400 North Capitol Street, NW
Washington, DC 20001
- Toll Free 1.888.564.6273
- Local 202.783.3870
When Republicans are advised to choose the black rather than the white in the 8th Congressional District runoff, a perfectly legitimate question arises: Isn't a preference that takes account of race affirmative action politics?
That's a question conservatives debate as a result of Dylan Glenn's endorsements from former House Speaker Newt Gingrich and former vice presidential candidate Jack Kemp. Both think Glenn's success would draw other blacks into the Republican Party, which is essential to building a stable governing majority.
The difference between racial preferences/affirmative action, as commonly practiced, and the Glenn endorsement is that both Glenn and his runoff opponent, state Rep. Lynn Westmoreland (R-Sharpsburg), are solid conservatives whose votes in Congress would probably be indistinguishable.
When two equally qualified candidates present themselves, voters, employers or college admissions officers should, in fact, ask themselves what additional benefit accrues by choosing one over another. Equally qualified is the key. Not pretend. Not expand the qualifications zone so broadly that it becomes meaningless. And not fudge standards to mask discrimination.
The problem with affirmative action as most governments and universities practice it is that they're not upfront and honest about what they're doing. Often they're not choosing among equals. They're granting preferences on the basis of race and feeling morally justified because they see themselves as promoting diversity -- or at least Kodak and surname diversity. Rarely to never is the diversity argument applied to social conservatives, devout Christians, anti-abortion women or others whose views differ from the assembled group.
In Glenn, Republicans are not elevating a lesser qualified candidate on the basis of race. The GOP's voters can choose in self-interest and be true to their convictions. Blacks and Hispanics are essential, long term. But to get them, the GOP can't become an extension of the Democratic Party. The differences are not cosmetic. The two parties have fundamentally different core beliefs on the role of government.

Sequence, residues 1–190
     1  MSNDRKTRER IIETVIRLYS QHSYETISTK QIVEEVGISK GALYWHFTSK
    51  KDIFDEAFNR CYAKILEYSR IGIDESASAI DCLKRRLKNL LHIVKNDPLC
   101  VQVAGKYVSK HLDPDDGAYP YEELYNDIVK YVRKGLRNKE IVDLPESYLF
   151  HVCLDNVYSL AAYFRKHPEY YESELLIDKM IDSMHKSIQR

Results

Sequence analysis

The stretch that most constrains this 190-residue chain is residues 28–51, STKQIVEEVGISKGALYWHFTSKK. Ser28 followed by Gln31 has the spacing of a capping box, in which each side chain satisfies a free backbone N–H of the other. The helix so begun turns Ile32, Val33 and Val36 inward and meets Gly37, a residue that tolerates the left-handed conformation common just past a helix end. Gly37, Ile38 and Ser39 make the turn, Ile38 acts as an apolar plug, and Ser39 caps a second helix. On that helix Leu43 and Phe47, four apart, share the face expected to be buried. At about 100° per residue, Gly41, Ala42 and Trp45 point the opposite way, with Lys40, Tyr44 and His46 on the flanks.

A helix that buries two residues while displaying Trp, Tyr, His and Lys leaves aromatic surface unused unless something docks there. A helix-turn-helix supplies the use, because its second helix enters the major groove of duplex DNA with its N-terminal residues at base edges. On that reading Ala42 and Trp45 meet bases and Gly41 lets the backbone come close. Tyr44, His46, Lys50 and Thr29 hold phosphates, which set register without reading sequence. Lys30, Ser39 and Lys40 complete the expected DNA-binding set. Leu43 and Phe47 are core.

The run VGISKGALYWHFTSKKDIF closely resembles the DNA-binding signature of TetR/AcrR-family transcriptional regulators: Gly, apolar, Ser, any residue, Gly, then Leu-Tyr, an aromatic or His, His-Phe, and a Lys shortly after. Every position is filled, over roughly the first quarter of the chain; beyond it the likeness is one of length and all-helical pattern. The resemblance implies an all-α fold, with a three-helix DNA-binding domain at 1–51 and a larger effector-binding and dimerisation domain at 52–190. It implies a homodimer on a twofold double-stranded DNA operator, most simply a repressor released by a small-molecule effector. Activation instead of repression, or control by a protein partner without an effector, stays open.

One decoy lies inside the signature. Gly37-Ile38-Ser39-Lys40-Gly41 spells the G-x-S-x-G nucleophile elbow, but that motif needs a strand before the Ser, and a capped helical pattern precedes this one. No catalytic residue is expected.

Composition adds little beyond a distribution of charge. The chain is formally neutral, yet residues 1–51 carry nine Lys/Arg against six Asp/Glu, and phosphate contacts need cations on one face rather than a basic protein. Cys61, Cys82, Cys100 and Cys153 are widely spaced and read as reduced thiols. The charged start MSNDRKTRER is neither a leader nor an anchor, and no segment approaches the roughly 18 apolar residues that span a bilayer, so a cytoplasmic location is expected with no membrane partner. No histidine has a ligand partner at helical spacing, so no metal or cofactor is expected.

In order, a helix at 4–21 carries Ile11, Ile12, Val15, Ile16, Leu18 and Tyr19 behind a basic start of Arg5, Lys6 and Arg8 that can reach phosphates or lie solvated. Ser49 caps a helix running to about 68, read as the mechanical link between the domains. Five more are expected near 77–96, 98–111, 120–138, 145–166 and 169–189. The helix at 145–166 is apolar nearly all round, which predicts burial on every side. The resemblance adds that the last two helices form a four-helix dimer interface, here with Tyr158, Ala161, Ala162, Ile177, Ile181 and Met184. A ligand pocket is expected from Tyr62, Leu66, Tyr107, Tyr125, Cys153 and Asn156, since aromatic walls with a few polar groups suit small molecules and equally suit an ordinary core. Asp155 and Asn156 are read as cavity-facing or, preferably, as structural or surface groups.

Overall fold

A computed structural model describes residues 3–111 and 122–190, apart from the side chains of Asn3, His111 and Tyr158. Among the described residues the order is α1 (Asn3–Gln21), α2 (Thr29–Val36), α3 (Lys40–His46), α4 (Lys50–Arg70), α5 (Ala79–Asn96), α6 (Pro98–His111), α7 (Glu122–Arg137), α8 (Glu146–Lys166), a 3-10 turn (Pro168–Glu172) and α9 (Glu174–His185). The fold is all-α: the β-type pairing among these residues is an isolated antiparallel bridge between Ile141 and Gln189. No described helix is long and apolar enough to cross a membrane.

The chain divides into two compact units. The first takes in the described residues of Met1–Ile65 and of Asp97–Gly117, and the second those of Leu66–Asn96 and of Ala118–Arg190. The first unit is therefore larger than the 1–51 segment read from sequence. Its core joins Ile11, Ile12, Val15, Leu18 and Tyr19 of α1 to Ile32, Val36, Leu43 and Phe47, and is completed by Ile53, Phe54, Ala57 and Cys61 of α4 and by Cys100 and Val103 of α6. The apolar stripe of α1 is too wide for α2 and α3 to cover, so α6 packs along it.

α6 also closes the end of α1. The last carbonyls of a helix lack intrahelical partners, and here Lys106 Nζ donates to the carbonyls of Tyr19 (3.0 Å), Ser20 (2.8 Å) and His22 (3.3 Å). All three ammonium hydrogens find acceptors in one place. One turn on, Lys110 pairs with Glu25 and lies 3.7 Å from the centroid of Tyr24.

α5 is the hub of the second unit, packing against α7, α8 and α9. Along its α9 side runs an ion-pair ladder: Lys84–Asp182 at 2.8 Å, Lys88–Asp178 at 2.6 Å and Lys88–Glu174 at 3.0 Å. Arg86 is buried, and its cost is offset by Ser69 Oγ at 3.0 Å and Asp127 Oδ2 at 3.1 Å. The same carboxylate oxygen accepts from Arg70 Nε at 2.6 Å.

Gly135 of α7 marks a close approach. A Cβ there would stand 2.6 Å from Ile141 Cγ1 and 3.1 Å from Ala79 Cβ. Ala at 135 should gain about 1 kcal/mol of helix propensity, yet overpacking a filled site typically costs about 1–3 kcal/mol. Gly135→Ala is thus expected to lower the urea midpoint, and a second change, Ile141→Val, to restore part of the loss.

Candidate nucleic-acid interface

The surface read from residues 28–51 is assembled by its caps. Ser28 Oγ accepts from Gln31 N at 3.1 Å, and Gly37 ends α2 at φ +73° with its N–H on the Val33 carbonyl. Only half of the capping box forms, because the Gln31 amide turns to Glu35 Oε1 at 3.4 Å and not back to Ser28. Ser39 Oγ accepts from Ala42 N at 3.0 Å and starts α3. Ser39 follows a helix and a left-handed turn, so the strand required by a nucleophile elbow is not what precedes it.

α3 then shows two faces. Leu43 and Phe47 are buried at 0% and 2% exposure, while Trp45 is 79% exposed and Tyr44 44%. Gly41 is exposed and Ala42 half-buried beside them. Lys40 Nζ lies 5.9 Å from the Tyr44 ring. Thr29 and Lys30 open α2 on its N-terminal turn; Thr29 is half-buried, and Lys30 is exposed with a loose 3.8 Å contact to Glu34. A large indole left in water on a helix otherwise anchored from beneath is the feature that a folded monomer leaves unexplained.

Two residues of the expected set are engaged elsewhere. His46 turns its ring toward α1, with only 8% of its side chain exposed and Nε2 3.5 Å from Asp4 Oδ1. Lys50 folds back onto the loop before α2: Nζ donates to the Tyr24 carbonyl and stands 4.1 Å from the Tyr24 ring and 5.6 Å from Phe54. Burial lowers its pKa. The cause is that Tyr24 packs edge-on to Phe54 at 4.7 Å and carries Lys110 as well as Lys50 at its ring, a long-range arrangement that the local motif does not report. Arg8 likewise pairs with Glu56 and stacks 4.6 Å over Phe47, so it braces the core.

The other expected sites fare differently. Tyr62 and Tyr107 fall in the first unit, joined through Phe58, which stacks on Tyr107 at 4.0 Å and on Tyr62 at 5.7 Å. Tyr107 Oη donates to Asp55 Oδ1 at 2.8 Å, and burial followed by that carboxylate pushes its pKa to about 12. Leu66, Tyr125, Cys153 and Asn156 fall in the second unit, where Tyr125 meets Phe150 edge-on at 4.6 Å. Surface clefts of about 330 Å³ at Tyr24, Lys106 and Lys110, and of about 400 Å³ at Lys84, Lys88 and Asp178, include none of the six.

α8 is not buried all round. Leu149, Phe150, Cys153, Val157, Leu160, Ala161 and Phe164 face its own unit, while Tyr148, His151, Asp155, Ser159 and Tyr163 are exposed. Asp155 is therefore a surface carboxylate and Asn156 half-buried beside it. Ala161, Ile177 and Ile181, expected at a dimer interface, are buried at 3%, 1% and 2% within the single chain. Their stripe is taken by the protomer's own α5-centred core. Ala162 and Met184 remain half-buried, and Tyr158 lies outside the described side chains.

President Bush's encounter with the NAACP should be an eye-opener. No president who does not wish to filter his message through the liberal wing of the Democratic Party should spend five minutes before the NAACP. Or waste two minutes with the Democratic Party's race spokesmen.
But clearly, getting past those filters to fairly present the conservative message to minorities is absolutely essential.
In Glenn and others -- a surprising number of substantial black conservatives are emerging in metro Atlanta -- the GOP has minorities attracted to the party's message. They're not faking it. They believe the message of personal responsibility, free enterprise, limited government, low taxes and strong defense.
Appealing to blacks without compromising core beliefs, without prostrating convictions before the icons of liberalism and without pandering is a long-term struggle requiring patience and dedication.
I believe that you reward courage, that you embrace blacks and other minorities who endure scorn and hardships to articulate conservative values. A governing majority that does not expand its base cannot endure.
Democrats have succeeded by turning weakness into strength. The weakness is that it's a party of gimme constituencies determined to use government to transfer the wealth of "the rich" to them. But it projects "diversity." And Democrats successfully spin to the media that their party is diverse, while the GOP is the party of old white men and Christian fundamentalists. Sooner or later, that pejorative begins to take root.
Affirmative action politics? No. It's the politics of those who wish to build a governing majority.
* Jim Wooten is the associate editorial page editor. His column appears Fridays, Sundays and Tuesdays.